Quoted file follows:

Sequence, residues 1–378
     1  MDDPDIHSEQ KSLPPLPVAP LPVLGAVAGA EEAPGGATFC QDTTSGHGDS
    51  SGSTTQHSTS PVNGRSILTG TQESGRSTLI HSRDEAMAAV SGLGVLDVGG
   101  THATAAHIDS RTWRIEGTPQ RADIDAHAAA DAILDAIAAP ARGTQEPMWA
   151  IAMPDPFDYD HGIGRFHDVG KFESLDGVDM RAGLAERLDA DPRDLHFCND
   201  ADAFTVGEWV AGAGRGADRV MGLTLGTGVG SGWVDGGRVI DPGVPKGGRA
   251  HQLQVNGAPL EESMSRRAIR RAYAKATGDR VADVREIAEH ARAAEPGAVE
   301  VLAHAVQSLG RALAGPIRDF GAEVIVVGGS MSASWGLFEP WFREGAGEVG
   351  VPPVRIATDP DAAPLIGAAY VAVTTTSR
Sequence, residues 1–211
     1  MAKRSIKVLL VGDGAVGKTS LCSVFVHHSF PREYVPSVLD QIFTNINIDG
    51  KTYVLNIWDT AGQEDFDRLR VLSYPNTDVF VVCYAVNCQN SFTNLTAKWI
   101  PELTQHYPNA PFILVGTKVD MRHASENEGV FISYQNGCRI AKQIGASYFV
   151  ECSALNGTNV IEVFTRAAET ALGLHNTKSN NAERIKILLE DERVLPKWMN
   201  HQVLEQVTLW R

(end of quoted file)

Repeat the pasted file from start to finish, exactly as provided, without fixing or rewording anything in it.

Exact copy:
Sequence, residues 1–378
     1  MDDPDIHSEQ KSLPPLPVAP LPVLGAVAGA EEAPGGATFC QDTTSGHGDS
    51  SGSTTQHSTS PVNGRSILTG TQESGRSTLI HSRDEAMAAV SGLGVLDVGG
   101  THATAAHIDS RTWRIEGTPQ RADIDAHAAA DAILDAIAAP ARGTQEPMWA
   151  IAMPDPFDYD HGIGRFHDVG KFESLDGVDM RAGLAERLDA DPRDLHFCND
   201  ADAFTVGEWV AGAGRGADRV MGLTLGTGVG SGWVDGGRVI DPGVPKGGRA
   251  HQLQVNGAPL EESMSRRAIR RAYAKATGDR VADVREIAEH ARAAEPGAVE
   301  VLAHAVQSLG RALAGPIRDF GAEVIVVGGS MSASWGLFEP WFREGAGEVG
   351  VPPVRIATDP DAAPLIGAAY VAVTTTSR
Sequence, residues 1–211
     1  MAKRSIKVLL VGDGAVGKTS LCSVFVHHSF PREYVPSVLD QIFTNINIDG
    51  KTYVLNIWDT AGQEDFDRLR VLSYPNTDVF VVCYAVNCQN SFTNLTAKWI
   101  PELTQHYPNA PFILVGTKVD MRHASENEGV FISYQNGCRI AKQIGASYFV
   151  ECSALNGTNV IEVFTRAAET ALGLHNTKSN NAERIKILLE DERVLPKWMN
   201  HQVLEQVTLW R